Sometimes I wonder why we insist on profiling ourselves according to homeschooling methods. Often when I meet another home school mom, the tired “what method” question will surface. ”What homeschooling method do you use?” I think it’s a quick way of sizing me up…”ah-ha, she uses THAT method…”as if knowing what method I claim will tell her all about me. Hardly. These days, I gently explain that I use all kinds of methods in a given day, and it’s really my philosophy of learning that defines how my family homeschools, not my method. When we profile each other according to homeschooling method, we are essentially giving ourselves permission to stereotype. For example, how many times have you heard the unfair charges that unschoolers are irresponsible and lazy, or that those who embrace the classical method are madly, driven elitist type-A perfectionists? Hogwash! Stereotypes are conventions for people who want to put people in boxes, and I’ll have none of this artificial social engineering. Think of homeschooling methods as a spectrum; I find joy in all the colors!
Over the years, I’ve used suggestions from lots of different homeschooling methods. It’s true that certain authors appeal to our personalities. John Holt and Charlotte Mason offer a more laid-back approach than Susan Wise Bauer and Oliver DeMille. But the truth of the matter is that no matter how they propose you get there, educators like Holt, Mason, Bauer, and DeMille all share the same basic objectives of encouraging us as readers to do our very best to raise kids who have mastered reading, thinking, and communicating skills. Homeschooling is a fabulous journey, and such an adventure warrants a variety of approaches to learning and teaching. The full spectrum is worth exploration. Here are some popular bloggers on the homeschooling methods spectrum:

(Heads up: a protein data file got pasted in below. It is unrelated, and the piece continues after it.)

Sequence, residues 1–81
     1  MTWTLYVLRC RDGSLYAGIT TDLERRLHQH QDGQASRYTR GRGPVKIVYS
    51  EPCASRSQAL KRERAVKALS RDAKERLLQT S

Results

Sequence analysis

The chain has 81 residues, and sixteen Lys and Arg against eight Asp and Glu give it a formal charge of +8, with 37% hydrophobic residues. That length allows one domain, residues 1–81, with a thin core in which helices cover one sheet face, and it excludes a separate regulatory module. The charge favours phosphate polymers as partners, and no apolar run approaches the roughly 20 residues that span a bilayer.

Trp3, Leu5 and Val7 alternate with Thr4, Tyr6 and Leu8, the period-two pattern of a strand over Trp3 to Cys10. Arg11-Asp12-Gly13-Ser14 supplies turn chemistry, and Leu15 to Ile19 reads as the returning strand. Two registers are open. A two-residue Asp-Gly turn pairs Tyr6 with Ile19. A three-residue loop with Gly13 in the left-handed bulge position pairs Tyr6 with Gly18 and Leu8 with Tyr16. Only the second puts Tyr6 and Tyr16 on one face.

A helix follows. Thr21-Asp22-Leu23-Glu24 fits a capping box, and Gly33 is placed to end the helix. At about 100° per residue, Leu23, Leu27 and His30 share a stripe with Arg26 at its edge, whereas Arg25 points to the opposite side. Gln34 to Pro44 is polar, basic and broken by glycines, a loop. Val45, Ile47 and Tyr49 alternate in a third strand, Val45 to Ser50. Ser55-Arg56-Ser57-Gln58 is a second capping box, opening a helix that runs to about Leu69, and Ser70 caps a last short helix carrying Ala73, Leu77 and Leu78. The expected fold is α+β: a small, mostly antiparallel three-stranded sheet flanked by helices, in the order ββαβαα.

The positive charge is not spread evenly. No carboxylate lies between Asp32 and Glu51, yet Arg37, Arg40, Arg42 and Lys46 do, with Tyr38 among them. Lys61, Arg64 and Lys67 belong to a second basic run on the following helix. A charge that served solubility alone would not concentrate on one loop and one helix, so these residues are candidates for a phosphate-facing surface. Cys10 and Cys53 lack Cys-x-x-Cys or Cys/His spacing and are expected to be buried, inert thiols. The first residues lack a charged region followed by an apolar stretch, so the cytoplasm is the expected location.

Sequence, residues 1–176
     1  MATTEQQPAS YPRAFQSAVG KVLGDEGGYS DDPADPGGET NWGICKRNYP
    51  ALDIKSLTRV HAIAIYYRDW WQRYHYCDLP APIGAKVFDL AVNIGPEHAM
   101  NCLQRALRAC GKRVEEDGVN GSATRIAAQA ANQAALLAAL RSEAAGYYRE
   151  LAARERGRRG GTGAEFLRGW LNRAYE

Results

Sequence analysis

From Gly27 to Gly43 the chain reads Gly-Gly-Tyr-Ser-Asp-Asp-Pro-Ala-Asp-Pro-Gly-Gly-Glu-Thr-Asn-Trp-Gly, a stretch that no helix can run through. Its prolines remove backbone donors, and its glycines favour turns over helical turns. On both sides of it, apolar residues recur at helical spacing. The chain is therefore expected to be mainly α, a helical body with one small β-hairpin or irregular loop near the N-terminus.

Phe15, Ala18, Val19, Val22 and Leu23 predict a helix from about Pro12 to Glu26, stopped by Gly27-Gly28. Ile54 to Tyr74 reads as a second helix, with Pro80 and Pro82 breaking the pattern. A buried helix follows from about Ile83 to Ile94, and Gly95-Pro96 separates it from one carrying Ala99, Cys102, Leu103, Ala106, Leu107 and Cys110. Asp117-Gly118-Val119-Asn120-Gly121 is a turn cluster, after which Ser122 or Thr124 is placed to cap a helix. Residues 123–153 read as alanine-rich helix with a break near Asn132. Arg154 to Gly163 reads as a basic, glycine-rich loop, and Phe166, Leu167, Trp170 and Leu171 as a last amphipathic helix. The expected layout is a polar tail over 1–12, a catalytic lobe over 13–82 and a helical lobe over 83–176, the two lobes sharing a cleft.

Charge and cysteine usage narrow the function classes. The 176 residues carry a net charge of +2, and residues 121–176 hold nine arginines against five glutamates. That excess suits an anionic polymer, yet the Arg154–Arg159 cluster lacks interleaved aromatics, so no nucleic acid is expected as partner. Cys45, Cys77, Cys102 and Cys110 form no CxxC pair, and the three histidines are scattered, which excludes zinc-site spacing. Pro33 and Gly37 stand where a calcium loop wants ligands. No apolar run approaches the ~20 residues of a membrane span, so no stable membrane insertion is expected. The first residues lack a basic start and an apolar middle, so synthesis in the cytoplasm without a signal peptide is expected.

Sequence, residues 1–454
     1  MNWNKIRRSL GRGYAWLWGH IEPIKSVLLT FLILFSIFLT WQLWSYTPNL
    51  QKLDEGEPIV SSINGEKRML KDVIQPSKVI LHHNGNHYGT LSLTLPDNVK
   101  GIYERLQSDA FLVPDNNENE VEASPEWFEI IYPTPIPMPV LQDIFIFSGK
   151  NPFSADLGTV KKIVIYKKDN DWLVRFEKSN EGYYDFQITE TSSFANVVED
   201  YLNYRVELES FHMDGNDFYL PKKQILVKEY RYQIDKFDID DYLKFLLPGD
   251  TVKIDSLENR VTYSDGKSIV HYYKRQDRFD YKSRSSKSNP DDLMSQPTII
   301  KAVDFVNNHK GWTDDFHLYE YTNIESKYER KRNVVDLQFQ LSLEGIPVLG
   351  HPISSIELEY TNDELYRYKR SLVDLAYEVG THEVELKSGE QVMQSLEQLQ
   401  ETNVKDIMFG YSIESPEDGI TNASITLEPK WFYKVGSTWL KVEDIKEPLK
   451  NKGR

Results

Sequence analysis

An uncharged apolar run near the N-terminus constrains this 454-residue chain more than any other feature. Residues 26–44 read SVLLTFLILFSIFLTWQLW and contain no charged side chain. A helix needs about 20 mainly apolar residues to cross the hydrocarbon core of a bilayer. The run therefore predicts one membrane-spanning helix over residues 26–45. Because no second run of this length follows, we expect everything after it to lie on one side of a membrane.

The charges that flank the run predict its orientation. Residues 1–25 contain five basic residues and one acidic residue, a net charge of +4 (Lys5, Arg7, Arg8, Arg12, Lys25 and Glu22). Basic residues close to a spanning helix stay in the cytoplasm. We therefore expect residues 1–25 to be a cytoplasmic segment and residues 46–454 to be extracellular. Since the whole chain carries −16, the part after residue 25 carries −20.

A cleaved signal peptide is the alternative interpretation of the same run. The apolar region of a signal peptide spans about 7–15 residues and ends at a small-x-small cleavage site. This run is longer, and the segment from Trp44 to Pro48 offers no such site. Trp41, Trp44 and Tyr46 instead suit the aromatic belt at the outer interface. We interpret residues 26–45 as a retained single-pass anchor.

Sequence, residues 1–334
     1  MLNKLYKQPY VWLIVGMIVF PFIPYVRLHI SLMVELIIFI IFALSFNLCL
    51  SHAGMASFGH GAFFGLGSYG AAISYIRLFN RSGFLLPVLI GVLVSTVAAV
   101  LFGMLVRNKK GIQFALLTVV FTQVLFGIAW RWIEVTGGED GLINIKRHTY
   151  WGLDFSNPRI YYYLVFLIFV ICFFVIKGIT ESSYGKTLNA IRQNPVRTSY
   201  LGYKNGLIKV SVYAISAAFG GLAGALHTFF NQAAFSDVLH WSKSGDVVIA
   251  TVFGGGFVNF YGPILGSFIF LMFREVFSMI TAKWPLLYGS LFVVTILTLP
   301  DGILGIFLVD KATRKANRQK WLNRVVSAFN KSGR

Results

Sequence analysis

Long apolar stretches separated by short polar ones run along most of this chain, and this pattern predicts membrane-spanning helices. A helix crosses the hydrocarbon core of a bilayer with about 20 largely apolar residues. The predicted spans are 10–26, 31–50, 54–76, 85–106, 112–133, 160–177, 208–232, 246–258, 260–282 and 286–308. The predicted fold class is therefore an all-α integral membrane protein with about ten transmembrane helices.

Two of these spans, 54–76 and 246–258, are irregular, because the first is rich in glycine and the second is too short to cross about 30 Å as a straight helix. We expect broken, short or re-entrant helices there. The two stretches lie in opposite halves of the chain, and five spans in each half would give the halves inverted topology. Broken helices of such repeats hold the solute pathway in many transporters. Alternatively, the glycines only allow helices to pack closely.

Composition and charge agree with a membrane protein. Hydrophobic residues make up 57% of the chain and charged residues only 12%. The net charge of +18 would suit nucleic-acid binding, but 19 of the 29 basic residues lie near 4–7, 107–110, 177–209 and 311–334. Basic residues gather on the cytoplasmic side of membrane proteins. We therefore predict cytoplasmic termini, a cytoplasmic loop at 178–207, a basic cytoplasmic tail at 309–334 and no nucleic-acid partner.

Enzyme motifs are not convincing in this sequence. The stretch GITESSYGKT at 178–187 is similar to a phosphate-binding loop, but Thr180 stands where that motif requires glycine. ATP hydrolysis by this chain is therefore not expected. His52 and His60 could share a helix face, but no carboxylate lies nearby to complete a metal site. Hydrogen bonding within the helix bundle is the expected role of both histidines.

Of course if you read my blog articles, you realize that there are many interpretation of classical out there, but most people were introduced to classical by either The Well-Trained Mind authors, Wise and Bauer, or Trivium Pursuit authors, Harvey and Laurie Bluedorn. TWTM teaches a three-stage, four-year trivium while the Bluedorns emphasize classical Christian style over stages or skills.
Eclectic homeschoolers like to combine the best of multiple methods and styles. If they were eating out, they’d go a la carte. :-) If we were to poll most homeschoolers, they would probably call themselves eclectic in terms of curriculum.
- Blue Yonder Ranch
- Homegrown Learners
- LaPaz Home Learning
- Raising Future Leaders
- Weird, Unsocialized Homeschoolers
Classic literature and histories (living books), nature studies, and child-directed exploration distinguish this homeschooling method popularized by Charlotte Mason. Narration, copywork, and manipulatives are incorporated in learning as well.
Driven by the child’s questions, a project is an open-ended investigation of a topic. The length, breadth, and depth of the project is defined by the child as the project continues to unfold. The goal of project work is skills mastery rather than to impart a particular group of facts. Many project-based homeschoolers are inspired by the villages of Reggio Emilia, Italy.
Structured in terms of content delivery meaning workbooks and textbooks, this approach is more like doing school subjects at home. An extremely ordered approach to homeschooling, traditional methods include survey-based textbooks and comprehensive curriculum packages like Abeka, Bob Jones, and Calvert.
- Banku, Pho, and Fried Spiders
- Large Families on Purpose
- OK Homeschool Mom
- Roller Coaster Ride
- Slightly Nerdy, Sometimes Cool
Children learn by their own initiative through unstructured activities like play, games, chores, work, and social situations. Many unschoolers were inspired by John Holt, and regularly learn by “doing real things.”